dignified tall firs begin. Bluish, associating
with their shadows, a million Christmas trees
stand waiting for Christmas. The water seems suspended above the
rounded gray and blue-gray stones. I have seen it over and over,
the same sea, the same, slightly, indifferently swinging above the
stones, icily free above the stones, above the stones and then the world. If you should dip your hand in,
your wrist would ache immediately, your bones would begin to
ache and your hand would burn as if the water were a transmutation
of fire that feeds on stones and burns with a dark gray flame. If you tasted it, it would
first taste bitter, then briny, then surely burn your tongue. It is like what we imagine knowledge
to be: dark, salt, clear, moving, utterly free, drawn from the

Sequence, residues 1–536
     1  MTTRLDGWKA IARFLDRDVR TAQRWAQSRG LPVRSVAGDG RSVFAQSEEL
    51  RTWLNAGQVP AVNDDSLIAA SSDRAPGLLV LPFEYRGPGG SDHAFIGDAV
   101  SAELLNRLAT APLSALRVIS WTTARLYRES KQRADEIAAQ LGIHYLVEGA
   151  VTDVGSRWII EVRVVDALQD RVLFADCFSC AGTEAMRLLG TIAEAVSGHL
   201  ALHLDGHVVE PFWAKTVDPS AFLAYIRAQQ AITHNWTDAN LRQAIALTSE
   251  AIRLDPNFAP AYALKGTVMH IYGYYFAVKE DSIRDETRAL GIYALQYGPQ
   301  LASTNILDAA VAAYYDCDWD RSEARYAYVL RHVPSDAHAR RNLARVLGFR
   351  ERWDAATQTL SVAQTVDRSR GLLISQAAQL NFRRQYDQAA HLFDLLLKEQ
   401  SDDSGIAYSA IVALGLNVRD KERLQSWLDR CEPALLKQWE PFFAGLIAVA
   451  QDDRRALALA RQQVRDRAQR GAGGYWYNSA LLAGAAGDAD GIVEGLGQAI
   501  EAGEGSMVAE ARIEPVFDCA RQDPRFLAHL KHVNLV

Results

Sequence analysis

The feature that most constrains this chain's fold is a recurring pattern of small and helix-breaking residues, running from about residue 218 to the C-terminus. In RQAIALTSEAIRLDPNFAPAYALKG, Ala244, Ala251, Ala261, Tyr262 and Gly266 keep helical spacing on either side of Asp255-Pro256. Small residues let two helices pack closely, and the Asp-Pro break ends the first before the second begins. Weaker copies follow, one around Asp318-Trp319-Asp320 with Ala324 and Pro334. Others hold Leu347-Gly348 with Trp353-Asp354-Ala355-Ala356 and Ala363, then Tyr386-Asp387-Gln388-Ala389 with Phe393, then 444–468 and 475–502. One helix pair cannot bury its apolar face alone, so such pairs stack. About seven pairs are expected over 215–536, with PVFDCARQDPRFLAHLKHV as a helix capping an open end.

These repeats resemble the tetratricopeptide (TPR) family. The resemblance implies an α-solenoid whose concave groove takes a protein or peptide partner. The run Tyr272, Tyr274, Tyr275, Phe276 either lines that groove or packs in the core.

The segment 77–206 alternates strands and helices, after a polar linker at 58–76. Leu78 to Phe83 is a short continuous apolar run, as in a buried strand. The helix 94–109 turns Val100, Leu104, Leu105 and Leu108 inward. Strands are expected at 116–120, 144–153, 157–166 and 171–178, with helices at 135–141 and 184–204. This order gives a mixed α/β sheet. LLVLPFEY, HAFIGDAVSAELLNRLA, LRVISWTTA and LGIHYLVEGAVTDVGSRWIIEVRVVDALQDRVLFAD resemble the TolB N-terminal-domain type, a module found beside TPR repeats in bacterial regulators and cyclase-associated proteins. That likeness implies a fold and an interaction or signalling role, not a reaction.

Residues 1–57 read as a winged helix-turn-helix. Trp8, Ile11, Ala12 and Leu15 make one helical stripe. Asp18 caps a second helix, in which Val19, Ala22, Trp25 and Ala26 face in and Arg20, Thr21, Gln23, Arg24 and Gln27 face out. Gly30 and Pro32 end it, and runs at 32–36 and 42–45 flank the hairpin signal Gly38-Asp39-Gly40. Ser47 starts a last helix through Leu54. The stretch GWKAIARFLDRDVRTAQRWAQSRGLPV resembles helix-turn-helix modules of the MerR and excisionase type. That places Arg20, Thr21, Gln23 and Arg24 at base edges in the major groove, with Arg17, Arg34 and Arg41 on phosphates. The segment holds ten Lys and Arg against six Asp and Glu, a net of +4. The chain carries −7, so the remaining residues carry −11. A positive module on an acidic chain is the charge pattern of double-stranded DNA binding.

cold hard mouth of the world, derived from the rocky breasts
forever, flowing and drawn, and since our knowledge is
historical, flowing, and flown.” She always starts out so
low, so even, you know. It’s just kind of a — and you never
quite realize how much pressure is building up. Because the control is
so magnificent, you know, the kind of — the
mastery of the sentence. The commitment to like living
the poem along the sentence and seeing its opportunities
and expanding it outward, but at the same time, there is
this other narrative taking place in her mind that, you know, of
which we are just getting tiny little glimpses. You know, we don’t quite
understand what’s going on, but the way in which she sort of
continually shepherds us, you know, further and further and further. Until she can’t go
any further, you know. I mean, in some sense,
she kind of always arrives at a limit that’s fundamental
in some way I think. And you know I think one of the — you know, I think a part of it has
always, when I’ve contemplated her. And of course, I’ve
contemplated her a lot. She was a poet who freed
me, along with Auden. When I was kind of in my sort
of early and mid-twenties, freed me from the terrible burden of